Perhaps the most famous iteration of Death we want to f*** is Neil Gaiman’s happy goth girl from DC's The Sandman (pictured above). Friendly, casually dressed, and genuinely empathetic about her lot in life, this Death is a deliberate subversion of everything we expect from the trope. There's something inviting and almost comforting about her presence as she ushers you to the afterlife. Death becomes less a horrifying concept to outrun and more a helping hand into the great unknown.

Modern eroticized interpretations of Death tend to soften the edges of its true representation, which is why you’re more likely to see, for instance, young hot Robert Redford in The Twilight Zone as Death over the old-school skeletal Reaper in modern pop culture. Part of our struggles with the taboo lie in our inability to parse out complicated feelings and to verbalize that which society would prefer we not. Death happens every minute of every day, but we still find ourselves euphemizing it, talking about it in hushed tones, or deeming it unsuitable dinner table conversation. Death is “gross,” oddly unnatural in this narrative given that it is fully the most natural thing in existence. Its taboo nature is made all the more unapproachable by its abstract nature. It’s easier to be scared of something you can’t see, hence why pop culture loves to give Death a body, attractive or otherwise.

Death seems easier to conquer or accept when it has a face. When we personify Death and give it a distinct personality, the inhuman suddenly becomes painfully familiar. It’s a lot harder to be scared of something when it smiles, tells jokes, has feelings, and blends in with the crowd — as in Meet Joe Black when Brad Pitt geeks out over peanut butter. Many stories involving Death as a character play around with his inability to fit in with the living world, and that in and of itself is a human trait. Bringing desire into the equation is an extension of that. The notion that something as all-powerful and foreboding as Death could succumb to the seeming frivolities of lust is oddly comforting, and it empowers us poor horny flesh-bags to take on the indomitable.

Given how much of the Western art canon is rooted in naked women painted by and for men, a feminine reclaiming of the eroticized death motif makes a lot of sense in our modern context. It shares a lot of similarities with the sexual depictions of Satan, or indeed any sort of creature common in paranormal romances. We've spent literal centuries dealing with stylized violence against women, even in its most baroque form. Author Angela Carter once argued that “because sexual relations between men and women always render explicit the nature of social relations in the society in which they take place and, if described explicitly, will form a critique of those relations, even if that is not and never has been the intention of the pornographer.” In that context, it’s not hard to see the underlying nature of Death and the Maiden. So, of course, women would want to reclaim that, to subvert those sexist and often violent patriarchal expectations and tap into their own inherent desires and ideas on the subject of death.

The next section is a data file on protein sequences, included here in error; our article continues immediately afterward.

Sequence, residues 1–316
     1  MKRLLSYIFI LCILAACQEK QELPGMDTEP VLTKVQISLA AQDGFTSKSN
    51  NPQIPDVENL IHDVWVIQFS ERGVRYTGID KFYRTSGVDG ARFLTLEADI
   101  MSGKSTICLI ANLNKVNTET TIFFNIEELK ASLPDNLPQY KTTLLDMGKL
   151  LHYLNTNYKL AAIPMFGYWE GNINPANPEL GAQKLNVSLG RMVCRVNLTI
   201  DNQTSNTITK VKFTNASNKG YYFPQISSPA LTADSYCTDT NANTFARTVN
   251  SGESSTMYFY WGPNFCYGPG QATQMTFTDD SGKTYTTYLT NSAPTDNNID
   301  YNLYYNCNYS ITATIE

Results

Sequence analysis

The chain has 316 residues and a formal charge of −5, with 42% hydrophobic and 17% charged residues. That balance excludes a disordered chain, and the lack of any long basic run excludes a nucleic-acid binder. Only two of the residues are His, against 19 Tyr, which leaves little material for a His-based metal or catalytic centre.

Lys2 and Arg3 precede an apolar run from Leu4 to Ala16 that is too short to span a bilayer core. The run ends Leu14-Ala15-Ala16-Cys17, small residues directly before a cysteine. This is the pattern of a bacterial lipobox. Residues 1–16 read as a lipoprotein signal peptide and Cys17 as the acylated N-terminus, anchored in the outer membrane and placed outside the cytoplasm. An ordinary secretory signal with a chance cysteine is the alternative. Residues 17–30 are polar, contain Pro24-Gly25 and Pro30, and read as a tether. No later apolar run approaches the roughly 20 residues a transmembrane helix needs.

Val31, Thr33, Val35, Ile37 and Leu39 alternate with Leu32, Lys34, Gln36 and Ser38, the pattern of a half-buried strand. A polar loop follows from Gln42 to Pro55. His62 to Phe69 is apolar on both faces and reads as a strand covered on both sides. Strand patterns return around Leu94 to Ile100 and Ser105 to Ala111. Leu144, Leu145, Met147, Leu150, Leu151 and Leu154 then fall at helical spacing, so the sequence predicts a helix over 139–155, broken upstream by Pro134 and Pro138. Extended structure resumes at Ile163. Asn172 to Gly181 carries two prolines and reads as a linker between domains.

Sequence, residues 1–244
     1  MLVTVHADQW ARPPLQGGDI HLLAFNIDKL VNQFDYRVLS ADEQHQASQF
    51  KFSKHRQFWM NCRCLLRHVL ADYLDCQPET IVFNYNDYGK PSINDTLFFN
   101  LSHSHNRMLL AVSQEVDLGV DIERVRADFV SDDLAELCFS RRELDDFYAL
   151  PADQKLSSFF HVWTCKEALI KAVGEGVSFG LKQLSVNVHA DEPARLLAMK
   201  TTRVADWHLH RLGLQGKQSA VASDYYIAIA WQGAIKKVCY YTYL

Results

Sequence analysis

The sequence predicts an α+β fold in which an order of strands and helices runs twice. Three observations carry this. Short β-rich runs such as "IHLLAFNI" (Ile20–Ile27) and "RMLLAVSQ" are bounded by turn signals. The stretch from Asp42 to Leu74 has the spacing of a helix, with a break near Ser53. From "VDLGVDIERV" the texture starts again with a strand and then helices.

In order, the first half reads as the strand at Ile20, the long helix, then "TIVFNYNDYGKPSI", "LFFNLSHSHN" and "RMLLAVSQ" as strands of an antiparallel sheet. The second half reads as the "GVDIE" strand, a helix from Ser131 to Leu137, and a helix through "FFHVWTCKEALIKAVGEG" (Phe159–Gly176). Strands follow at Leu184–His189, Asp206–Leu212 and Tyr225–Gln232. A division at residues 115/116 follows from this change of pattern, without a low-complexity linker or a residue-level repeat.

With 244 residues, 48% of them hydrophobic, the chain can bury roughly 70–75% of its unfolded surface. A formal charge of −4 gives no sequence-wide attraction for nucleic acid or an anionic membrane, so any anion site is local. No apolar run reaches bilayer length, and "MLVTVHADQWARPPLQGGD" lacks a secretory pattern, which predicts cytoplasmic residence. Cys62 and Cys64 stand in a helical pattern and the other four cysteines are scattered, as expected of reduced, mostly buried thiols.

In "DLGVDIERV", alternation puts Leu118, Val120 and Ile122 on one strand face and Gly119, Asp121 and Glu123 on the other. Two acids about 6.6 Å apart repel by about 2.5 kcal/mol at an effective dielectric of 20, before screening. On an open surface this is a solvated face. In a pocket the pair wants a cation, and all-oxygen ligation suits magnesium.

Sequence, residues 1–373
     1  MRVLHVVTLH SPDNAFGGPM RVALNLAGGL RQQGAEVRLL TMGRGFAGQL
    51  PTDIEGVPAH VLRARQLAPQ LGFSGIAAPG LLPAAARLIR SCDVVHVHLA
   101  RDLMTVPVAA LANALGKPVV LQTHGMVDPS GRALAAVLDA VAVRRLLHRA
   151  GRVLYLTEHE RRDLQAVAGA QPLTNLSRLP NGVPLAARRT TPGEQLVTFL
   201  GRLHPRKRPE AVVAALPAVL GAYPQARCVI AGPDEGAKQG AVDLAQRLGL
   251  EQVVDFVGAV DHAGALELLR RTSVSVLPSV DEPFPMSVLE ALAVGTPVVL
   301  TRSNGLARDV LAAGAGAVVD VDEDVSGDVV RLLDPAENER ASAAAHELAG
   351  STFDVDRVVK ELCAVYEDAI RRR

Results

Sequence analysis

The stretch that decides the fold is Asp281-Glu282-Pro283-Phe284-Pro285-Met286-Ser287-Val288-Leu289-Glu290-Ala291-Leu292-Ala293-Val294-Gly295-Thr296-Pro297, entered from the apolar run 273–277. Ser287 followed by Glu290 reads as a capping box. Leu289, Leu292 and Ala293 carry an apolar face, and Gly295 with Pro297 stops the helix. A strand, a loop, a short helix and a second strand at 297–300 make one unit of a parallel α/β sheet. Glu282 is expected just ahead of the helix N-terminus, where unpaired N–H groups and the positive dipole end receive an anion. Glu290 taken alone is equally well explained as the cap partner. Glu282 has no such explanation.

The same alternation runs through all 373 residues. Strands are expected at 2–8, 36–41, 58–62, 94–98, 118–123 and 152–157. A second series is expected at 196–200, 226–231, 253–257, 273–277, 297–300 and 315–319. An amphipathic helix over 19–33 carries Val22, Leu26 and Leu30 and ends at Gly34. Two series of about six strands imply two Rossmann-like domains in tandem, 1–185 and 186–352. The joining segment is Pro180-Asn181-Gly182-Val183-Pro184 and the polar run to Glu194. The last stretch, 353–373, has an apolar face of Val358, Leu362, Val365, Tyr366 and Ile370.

In Terry Pratchett’s Discworld series, Death is a recurring character as well as a fan favorite. While he still takes the traditional form of a cloaked skeleton wielding a scythe, Death is much cozier and prefers to spend his time cuddling up to cats and eating curries. Despite his threatening exterior, he’s really rather lovely. Pratchett famously said that he hoped to greet Death as an old friend and that his take on the concept embodied that comforting acceptance of the inevitable. Perhaps that is what is truly at the root of our seductive relationship with our own demises. Whether we eroticize it or turn it into a big old joke, really, we’re all just trying to find a route toward closure. And sometimes, wanting to f**k it helps.

Meet Joe Black Peanut Butter

The views and opinions expressed in this article are the author's, and do not necessarily reflect those of SYFY WIRE, SYFY, or NBC Universal.